The purpose of this study was to identify the partners' traits and skills that predict relationship satisfaction in committed, premarital relationships in which one person has neurotic traits, as well as to examine the degree of consensus about neuroticism for both individuals. Data from 198 never-married, young adult, premarital couples who had completed the RELATionship Evaluation (RELATE) questionnaire were used in the analyses. Measures of perceived partner traits and skills included levels of empathic communication, clear sending, flooding, kindness, flexibility, criticism, and contempt and defensiveness. Relationship satisfaction as measured by RELATE was the criterion variable. Results showed little agreement between self and partner perceptions of the specific neurotic traits manifested by neurotic individuals; that is, levels of anxiety, depression, anger, and low self-esteem. A negative relationship between partner-rated neurosis and each person's relationship satisfaction, however, was present for both genders. The significant positive predictors of the neurotic female actor's relationship satisfaction were her perceptions of her partner's: 1) empathic communication, 2) flexibility, and 3) clear sending, as well as 4) the length of the relationship. The only significant predictor of the non-neurotic male partner's relationship satisfaction was the neurotic female actor's perception of his empathic communication. The significant predictors of the neurotic male actor's relationship satisfaction were his perceptions of his partner's: 1) criticism (a negative relationship), 2) kindness, 3) flooding (a negative relationship), and 4) empathic communication. The significant predictors of the healthy female partner's relationship satisfaction were the neurotic male actor's perceptions of her: 1) kindness, 2) flexibility, 3) criticism, 4) flooding, and 5) empathic communication, as well as 6) the length of the relationship. These results suggest that certain partner traits and skills may help to increase the relationship satisfaction for both partners in relationships in which one partner possesses neurotic traits. Implications of these results for therapists working with premarital couples in which one partner has neurotic traits are outlined.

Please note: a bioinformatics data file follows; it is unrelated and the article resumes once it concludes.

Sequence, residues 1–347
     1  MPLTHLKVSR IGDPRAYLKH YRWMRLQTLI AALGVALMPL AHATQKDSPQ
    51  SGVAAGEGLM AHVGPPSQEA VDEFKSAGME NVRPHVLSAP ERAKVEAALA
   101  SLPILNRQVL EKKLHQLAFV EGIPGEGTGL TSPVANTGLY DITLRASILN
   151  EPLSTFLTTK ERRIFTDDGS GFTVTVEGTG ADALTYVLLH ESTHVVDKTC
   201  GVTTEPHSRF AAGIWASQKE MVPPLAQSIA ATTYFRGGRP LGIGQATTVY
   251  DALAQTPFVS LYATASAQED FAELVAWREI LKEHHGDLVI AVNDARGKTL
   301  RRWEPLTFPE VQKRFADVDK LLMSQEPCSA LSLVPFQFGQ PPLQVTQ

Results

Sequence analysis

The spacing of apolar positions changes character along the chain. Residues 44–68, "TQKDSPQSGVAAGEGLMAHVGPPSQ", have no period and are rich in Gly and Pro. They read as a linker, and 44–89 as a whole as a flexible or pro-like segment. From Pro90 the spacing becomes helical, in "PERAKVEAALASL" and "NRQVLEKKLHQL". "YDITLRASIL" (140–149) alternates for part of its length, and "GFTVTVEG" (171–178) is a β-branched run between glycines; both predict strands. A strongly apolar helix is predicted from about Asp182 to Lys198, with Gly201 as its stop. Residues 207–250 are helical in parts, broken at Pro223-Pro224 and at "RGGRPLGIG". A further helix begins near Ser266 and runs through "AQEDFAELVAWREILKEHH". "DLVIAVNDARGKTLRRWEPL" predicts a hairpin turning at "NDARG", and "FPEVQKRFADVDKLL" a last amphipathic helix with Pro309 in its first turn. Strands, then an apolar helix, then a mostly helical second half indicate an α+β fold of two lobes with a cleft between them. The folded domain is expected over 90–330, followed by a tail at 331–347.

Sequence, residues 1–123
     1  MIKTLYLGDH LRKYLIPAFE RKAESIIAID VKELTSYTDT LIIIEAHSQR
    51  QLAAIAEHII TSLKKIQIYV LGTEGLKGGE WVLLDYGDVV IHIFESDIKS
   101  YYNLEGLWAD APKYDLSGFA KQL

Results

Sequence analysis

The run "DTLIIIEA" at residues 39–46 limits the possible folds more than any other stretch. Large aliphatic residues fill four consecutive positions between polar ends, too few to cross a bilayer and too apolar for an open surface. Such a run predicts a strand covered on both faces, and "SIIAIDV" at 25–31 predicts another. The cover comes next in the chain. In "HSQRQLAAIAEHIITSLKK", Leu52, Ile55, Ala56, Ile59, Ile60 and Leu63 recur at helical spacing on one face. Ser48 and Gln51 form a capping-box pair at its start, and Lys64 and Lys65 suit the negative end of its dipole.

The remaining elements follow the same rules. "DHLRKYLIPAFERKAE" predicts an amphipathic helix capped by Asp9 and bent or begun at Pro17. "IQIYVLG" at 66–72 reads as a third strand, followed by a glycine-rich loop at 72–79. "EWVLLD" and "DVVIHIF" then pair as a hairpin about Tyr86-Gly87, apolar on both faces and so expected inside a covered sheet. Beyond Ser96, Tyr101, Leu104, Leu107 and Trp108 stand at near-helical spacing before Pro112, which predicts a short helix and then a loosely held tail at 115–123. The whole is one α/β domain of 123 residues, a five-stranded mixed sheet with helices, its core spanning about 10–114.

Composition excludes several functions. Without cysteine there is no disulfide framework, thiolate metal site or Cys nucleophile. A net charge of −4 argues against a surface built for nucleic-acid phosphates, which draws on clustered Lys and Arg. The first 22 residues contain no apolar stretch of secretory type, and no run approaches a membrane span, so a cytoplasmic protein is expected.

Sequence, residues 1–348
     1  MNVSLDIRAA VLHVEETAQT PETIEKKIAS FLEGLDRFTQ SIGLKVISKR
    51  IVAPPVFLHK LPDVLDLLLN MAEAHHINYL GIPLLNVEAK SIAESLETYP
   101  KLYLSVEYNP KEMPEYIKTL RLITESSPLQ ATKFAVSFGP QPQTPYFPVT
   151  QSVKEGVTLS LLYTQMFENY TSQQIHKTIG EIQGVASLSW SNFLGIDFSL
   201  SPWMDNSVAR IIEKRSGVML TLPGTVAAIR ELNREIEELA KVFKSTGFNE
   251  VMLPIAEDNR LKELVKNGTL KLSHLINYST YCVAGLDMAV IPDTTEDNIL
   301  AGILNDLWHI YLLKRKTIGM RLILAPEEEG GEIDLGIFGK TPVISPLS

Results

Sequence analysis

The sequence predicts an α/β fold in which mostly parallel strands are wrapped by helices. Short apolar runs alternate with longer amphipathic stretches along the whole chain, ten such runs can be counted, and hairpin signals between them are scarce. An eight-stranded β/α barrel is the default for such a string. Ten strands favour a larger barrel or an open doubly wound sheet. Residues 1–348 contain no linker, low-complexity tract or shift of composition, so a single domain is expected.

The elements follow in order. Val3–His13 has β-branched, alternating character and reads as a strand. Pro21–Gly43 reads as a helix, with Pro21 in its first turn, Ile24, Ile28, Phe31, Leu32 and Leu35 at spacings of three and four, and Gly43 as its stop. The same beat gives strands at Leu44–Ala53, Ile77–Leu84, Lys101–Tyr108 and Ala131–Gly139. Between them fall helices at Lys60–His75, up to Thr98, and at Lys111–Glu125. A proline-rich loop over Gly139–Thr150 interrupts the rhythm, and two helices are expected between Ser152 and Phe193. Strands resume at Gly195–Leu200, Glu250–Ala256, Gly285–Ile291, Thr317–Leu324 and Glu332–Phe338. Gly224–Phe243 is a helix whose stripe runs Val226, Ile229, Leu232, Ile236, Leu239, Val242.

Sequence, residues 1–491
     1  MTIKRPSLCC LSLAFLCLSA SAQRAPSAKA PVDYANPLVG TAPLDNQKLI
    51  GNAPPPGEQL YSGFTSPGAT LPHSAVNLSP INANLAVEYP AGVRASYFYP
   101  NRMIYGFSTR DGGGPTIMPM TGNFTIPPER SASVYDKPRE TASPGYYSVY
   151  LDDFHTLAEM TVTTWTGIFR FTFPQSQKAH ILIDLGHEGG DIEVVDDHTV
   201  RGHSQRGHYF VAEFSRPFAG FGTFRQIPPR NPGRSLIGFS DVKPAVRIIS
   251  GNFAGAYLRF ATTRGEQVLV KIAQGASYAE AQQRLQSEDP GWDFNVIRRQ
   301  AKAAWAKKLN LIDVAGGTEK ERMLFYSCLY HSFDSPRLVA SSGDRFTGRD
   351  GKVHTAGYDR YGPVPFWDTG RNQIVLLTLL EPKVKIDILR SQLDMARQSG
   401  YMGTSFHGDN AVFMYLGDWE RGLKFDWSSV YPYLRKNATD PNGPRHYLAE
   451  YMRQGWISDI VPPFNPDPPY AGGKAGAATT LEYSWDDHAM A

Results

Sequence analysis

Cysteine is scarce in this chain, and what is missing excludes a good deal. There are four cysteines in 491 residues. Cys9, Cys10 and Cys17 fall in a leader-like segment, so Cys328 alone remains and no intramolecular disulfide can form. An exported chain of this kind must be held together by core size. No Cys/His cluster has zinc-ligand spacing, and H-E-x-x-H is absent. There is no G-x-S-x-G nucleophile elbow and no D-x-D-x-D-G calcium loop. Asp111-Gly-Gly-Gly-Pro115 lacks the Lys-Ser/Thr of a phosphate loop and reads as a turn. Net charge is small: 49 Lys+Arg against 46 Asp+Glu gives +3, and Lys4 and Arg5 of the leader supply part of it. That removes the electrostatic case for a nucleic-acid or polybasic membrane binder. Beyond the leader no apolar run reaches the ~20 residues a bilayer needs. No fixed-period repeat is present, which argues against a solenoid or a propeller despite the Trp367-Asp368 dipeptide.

College and Department

Family, Home, and Social Sciences; Family Life; Marriage and Family Therapy



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neuroticism, negative affectivity, RELATE, partner, perceptions, relationship, satisfaction, traits, skills, premarital